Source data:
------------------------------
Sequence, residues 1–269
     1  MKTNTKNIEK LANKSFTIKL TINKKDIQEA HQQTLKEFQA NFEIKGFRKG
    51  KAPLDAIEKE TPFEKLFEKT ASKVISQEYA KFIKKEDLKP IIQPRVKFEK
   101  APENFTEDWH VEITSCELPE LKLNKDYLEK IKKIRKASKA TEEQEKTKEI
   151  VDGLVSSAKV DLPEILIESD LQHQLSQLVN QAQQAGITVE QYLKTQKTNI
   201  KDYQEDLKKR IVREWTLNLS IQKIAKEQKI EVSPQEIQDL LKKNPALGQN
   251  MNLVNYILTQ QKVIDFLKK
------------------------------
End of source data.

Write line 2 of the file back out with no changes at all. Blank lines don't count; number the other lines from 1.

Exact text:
     1  MKTNTKNIEK LANKSFTIKL TINKKDIQEA HQQTLKEFQA NFEIKGFRKG